Reviewed: November 19, 2005
Reviewed by: Mark Smith

Sony Computer Entertainment

Insomniac Games

Released: October 25, 2005
Genre: Action
Players: 1-4
ESRB: Teen


Supported Features:

  • Analog Control
  • Vibration
  • Pressure Sensitive
  • Memory Card (399 KB)
  • Progressive Scan
  • Dolby Pro Logic II
  • Online: Ethernet Broadband
  • Network Adapter (2-10 Players)
  • Multitap
  • USB Headset
  • USB Keyboard

    Screenshots (Click Image for Gallery)

  • This is a season for sequels and many of them are coming with a twist. With new installments of Jak, Sly, and Ratchet, all arriving on the PS2 for the holidays, this is a great time for gamers who love visiting their favorite game icons.

    Ratchet and Clank have been one of the more dynamic of duos over the past few years with several inspired platform games on the PS2, mixing together awesome space action with a nuts and bolts collection system and an amazing upgradeable weapons system. And even though the previous installments in the series have been considered platform in nature, there is no denying the heavy emphasis on combat.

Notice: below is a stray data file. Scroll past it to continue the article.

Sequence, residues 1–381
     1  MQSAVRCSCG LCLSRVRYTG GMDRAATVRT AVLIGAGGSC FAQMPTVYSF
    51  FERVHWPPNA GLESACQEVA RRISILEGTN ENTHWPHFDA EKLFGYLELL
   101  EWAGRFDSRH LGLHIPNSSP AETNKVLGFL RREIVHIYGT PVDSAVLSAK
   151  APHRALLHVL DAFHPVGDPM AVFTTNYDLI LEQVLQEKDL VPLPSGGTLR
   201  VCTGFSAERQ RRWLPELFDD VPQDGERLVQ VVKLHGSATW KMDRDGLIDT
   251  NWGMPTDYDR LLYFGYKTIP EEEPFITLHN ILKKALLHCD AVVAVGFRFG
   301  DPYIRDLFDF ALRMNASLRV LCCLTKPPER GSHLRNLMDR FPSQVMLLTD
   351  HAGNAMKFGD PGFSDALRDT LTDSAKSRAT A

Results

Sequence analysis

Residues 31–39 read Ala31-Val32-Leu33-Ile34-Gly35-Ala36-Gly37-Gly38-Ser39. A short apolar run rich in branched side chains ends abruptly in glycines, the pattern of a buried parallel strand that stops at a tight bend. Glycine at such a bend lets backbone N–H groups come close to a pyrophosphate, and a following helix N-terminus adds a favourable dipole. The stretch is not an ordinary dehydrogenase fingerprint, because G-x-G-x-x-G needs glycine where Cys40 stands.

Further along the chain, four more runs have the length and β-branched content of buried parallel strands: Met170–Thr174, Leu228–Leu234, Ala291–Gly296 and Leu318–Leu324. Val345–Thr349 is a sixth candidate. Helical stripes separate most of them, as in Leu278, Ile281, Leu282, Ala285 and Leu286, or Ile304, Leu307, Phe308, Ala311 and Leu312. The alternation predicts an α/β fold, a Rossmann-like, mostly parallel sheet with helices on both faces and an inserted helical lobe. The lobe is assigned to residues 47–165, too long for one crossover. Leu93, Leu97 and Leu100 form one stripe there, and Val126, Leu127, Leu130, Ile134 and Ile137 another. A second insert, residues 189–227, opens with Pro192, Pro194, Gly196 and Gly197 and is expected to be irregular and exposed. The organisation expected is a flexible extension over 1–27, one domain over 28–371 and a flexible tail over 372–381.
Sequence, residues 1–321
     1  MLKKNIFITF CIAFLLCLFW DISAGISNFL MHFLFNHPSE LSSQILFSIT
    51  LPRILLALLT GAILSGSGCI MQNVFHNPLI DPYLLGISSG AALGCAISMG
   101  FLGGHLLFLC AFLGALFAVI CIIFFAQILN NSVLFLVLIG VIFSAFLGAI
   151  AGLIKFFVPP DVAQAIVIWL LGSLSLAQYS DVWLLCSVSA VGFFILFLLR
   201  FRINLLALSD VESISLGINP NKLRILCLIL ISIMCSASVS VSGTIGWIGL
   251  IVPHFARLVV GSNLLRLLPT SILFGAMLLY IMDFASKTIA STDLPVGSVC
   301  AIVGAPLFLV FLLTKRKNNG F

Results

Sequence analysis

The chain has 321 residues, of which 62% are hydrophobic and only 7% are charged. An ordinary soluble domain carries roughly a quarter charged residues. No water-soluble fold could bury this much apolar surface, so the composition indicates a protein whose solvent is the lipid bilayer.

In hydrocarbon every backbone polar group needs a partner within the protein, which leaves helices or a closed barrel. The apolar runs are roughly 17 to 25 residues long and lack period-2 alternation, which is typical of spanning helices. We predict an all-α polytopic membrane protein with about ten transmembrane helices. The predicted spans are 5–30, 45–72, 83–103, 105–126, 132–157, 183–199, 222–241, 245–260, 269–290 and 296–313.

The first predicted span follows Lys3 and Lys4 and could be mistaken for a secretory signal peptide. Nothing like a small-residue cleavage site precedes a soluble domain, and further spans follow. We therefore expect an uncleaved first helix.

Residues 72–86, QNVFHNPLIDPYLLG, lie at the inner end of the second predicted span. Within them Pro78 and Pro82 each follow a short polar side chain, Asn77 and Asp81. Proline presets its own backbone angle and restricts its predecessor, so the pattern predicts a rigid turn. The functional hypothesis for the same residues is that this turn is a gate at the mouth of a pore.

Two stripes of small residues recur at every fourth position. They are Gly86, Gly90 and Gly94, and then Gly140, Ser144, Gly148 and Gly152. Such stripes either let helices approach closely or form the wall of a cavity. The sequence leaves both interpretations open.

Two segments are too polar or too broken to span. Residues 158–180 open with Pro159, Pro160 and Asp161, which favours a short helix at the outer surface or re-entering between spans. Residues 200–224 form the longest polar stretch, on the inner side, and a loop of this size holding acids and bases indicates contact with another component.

Insomniac has taken that combat element and spun it into a dedicated tournament style fighting game not unlike Unreal Tournament. The premise of Ratchet : Deadlocked is simple, and downright plagiarized from Arnold Schwarzenegger’s, 1987 sci-fi movie, The Running Man right down to the reality TV game show presentation and even the explosive collar restraints used to coerce our hero into battle.

    The game show is called Dreadzone and Ratchet is the latest contestant who must fight for his life in arena after arena, going up against all sorts of insane robots and fighting machines until he makes it to Ace Hardlight, the reigning Dreadzone champ.